My favorite strawberry field opened for picking yesterday. I have been watching the little gems gradually take on their crimson hue. They are easy to grow yourself, I have a half-dozen plants, but the wildlife typically gets to them before I do.
Over the years, I have tried to encourage company on my outings to pick strawberries. I’ve dragged my daughter out on two or more occasions, but the heat, the bugs and the stooping aren’t her gig. They aren’t a lot of people’s gig, but I enjoy it. If I can wear jeans, then I’m down on my knees, which isn’t comfortable, but you can cover a lot of ground quickly. The mounds are protected by straw, so you need coverage. If it’s hot, I go for a tennis or running skirt (shorts included) and do the picking squat I learned from watching a lot of immigrant woman in the fields. Genetically, I’ve got the hands and feet for field work (country Irish), but I am several generations removed from the actual labor. Observation needed to be my teacher.
One of the first recipes I make with local berries is a tart with lemon curd. There are many variations on this approach depending on your time commitment and interest. The easiest is to buy a jar of lemon curd and a package of mini tart shells from the grocery store. Dollop some lemon curd into the shell and top with an inverted berry (like a pyramid).
I always keep a box of these in my pantry. I prefer to make my own lemon curd (think of the filling in lemon bars) because I like mine on the tart side and I find commercial jars are too sweet. But it is a recipe that can go south on you quickly if you don’t pay attention to the double boiler.
You can top with any berry combination. The trick is to melt about a tablespoon of apricot jam in the microwave and mix it with the berries. That will make them glossy when you put them on top.
I recently tried a microwave lemon curd recipe I found on the New York Times site by “Microwave Gourmet” author Barbara Kafka:
- ½ pound unsalted butter
- 1 cup granulated sugar
- ½ cup fresh lemon juice
- 1 tablespoon finely grated or chopped lemon zest (typically 2 lemons)
- 2 tablespoons finely grated or chopped orange zest, optional
- 6 large eggs
- Place butter, sugar, lemon juice and zests in an 8-cup glass measure or a 2 1/2-quart soufflé dish. Cover tightly with microwave plastic wrap. Cook at 100 percent power in a 650- to 700-watt oven for 4 minutes. Prick plastic to release steam.
- Remove from oven and uncover. Whisk together eggs in a small bowl. Whisk about 1/4 cup of the butter mixture into the eggs to warm them. Scrape egg mixture back into measure, whisking constantly. Cook uncovered for 3 minutes.
- Leaving dish in oven, whisk until smooth. Cook, uncovered, for 2 minutes more. Remove from oven and puree in a food processor or blender until completely smooth. Store, tightly covered, in the refrigerator for up to 2 weeks.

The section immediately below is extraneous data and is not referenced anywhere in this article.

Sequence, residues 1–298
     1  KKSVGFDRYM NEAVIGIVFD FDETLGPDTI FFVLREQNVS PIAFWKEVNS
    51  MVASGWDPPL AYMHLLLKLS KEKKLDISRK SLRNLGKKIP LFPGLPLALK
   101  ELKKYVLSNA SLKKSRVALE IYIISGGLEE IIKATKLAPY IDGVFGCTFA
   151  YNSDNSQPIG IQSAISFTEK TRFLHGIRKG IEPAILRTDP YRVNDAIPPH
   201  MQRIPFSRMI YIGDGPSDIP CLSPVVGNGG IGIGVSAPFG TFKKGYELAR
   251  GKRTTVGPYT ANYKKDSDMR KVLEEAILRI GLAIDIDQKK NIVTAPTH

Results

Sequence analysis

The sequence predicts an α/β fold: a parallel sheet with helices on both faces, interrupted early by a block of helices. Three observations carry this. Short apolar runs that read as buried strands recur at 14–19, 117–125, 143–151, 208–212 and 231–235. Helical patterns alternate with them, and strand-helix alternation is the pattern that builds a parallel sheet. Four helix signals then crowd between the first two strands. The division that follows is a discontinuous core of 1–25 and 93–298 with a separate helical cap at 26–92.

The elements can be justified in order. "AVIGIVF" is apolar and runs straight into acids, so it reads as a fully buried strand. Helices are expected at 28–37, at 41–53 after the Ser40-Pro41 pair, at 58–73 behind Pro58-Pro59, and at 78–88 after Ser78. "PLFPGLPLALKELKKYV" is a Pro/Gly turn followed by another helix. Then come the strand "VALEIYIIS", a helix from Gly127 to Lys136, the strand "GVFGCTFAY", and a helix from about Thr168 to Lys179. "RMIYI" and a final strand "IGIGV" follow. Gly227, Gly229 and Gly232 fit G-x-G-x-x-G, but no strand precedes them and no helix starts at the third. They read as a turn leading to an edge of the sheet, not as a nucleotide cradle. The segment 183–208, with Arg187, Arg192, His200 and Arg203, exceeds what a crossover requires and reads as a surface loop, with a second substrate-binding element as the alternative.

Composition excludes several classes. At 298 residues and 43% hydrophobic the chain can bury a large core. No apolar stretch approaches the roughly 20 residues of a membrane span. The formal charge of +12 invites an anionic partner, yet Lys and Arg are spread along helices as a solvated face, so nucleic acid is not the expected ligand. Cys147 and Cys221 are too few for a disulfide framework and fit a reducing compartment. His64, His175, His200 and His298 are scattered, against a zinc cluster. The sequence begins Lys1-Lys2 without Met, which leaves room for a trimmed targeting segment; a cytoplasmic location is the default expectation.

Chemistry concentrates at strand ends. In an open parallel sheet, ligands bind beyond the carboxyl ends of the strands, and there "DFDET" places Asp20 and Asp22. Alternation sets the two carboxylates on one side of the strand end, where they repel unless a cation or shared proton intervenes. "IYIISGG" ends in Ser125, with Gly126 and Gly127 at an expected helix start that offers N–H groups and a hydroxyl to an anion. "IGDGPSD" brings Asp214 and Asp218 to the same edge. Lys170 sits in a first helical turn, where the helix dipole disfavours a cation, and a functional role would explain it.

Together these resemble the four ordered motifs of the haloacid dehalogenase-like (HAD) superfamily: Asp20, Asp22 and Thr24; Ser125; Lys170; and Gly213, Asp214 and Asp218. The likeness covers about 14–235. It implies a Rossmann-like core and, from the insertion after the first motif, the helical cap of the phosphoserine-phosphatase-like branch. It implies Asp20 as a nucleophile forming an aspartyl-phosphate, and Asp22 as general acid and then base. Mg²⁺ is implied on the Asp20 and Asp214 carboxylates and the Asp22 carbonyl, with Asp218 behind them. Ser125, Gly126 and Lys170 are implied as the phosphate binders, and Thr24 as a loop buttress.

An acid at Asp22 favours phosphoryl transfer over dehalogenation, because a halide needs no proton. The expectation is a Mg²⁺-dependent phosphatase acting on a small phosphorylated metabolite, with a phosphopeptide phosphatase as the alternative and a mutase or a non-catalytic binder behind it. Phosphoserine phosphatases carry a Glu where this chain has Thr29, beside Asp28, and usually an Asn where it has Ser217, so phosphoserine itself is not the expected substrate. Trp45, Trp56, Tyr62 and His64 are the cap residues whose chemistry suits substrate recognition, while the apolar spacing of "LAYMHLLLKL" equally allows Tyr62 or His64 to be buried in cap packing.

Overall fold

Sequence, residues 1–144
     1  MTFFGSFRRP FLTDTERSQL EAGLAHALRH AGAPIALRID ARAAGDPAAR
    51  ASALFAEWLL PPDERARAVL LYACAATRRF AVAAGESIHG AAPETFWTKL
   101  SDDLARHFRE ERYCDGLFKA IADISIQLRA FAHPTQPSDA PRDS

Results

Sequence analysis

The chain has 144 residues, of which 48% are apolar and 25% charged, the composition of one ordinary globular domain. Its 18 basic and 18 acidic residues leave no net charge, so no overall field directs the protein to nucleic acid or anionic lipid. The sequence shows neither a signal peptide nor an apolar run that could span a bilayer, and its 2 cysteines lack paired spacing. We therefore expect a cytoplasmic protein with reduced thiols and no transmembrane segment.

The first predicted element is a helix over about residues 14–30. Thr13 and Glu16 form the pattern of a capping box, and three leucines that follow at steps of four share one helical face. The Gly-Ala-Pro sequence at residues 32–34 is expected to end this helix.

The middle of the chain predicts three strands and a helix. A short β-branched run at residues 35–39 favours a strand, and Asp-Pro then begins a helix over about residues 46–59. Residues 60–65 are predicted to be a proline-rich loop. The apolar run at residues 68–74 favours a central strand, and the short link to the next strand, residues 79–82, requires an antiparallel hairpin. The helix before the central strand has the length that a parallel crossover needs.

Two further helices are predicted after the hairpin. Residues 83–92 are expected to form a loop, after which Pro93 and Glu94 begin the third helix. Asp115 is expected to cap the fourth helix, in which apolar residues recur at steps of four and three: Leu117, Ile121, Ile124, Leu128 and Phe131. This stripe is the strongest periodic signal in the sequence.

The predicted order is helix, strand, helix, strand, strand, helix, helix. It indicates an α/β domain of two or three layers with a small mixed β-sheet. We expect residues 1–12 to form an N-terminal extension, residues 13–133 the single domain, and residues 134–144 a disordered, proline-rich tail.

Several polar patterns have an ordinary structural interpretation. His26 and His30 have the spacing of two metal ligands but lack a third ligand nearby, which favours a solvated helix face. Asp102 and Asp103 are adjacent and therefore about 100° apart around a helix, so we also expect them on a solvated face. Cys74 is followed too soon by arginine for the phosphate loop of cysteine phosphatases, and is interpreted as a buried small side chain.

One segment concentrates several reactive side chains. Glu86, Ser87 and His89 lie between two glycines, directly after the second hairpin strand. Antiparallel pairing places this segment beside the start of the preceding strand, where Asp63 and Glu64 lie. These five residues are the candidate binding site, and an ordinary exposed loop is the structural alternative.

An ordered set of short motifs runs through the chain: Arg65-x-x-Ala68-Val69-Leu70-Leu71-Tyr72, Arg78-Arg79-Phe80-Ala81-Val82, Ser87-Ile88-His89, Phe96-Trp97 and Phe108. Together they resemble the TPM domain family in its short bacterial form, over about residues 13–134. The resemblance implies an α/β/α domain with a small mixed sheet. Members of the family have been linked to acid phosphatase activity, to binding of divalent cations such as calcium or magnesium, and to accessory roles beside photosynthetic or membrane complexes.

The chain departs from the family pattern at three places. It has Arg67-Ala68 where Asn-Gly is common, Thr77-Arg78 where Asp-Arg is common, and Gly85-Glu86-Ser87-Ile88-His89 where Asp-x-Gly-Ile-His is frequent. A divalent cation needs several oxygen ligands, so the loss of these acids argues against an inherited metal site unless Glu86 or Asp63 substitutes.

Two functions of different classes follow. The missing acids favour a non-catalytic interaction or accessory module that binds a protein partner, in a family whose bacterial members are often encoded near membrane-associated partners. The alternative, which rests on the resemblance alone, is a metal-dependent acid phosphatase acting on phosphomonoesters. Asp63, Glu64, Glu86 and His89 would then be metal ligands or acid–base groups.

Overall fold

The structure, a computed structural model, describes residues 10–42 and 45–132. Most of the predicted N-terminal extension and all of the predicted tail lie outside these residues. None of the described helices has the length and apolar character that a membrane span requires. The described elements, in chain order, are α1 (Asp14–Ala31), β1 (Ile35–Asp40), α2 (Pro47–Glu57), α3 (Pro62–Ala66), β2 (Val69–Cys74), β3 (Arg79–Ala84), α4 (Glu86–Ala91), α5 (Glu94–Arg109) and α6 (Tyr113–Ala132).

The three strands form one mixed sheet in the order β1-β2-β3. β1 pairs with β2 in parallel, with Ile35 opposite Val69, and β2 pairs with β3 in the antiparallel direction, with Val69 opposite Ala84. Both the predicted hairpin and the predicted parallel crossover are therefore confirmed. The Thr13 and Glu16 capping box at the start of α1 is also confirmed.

The recipe works, although you do have to see what power your microwave is and adjust. Mine is 1050 watts, but I couldn’t just reduce the time by one-third. The overall time remained almost the same, but it took a fair amount of watching.
I prefer Ina Garten’s recipe, which takes about 5 minutes longer.
1 1/2 cups sugar
1/4 pound unsalted butter, room temperature
4 extra-large eggs
1/2 cup lemon juice (3 to 4 lemons)
1/8 teaspoon kosher salt
Remove the zest of 3 lemons, avoid the white pith. You can do this with a vegetable peeler. (I prefer to just zest the lemons). Put the zest in a food processor fitted with the steel blade. Add the sugar and pulse until the zest is very finely minced into the sugar.
Add the butter to the sugar and lemon mixture and pulse until light and creamy. Add the eggs, 1 at a time, and then add the lemon juice and salt. Pulse until combined.
Pour into a 2-quart saucepan (it may look a curdled at this point, don’t worry). Cook over low heat until thickened (about 10 minutes), stirring constantly. The lemon curd will thicken at about 170 degrees, or just below simmer. A suggestion from AllRecipes.com says that this will take about 6 minutes. Look for the first bubble. Remove from the heat. Cool. Refrigerate in a glass jar or bowl, covered.
If you are inclined to make a full-sized tart, I’d recommend a shortbread crust, which is super easy and you don’t have to roll. You just press it in. I like this recipe from AddAPinch.com:
- 1 cup (2 sticks) salted butter, softened
- 2 cups all-purpose flour
- ½ cup powdered sugar
If you are using unsalted butter, which I typically do, you will need to add about 1 teaspoon kosher salt.
Heat oven to 350 degrees.
Mix together butter, flour, and powdered sugar (and salt if using unsalted butter). Press into the bottom of a 9×13-inch baking pan, a pie plate, tart pan, or other pan for your baking.
Bake for about 12-15 minutes, or until lightly golden brown.
Remove from oven. Let cool completely before filling.
You can e-mail Marnie at firstname.lastname@example.org.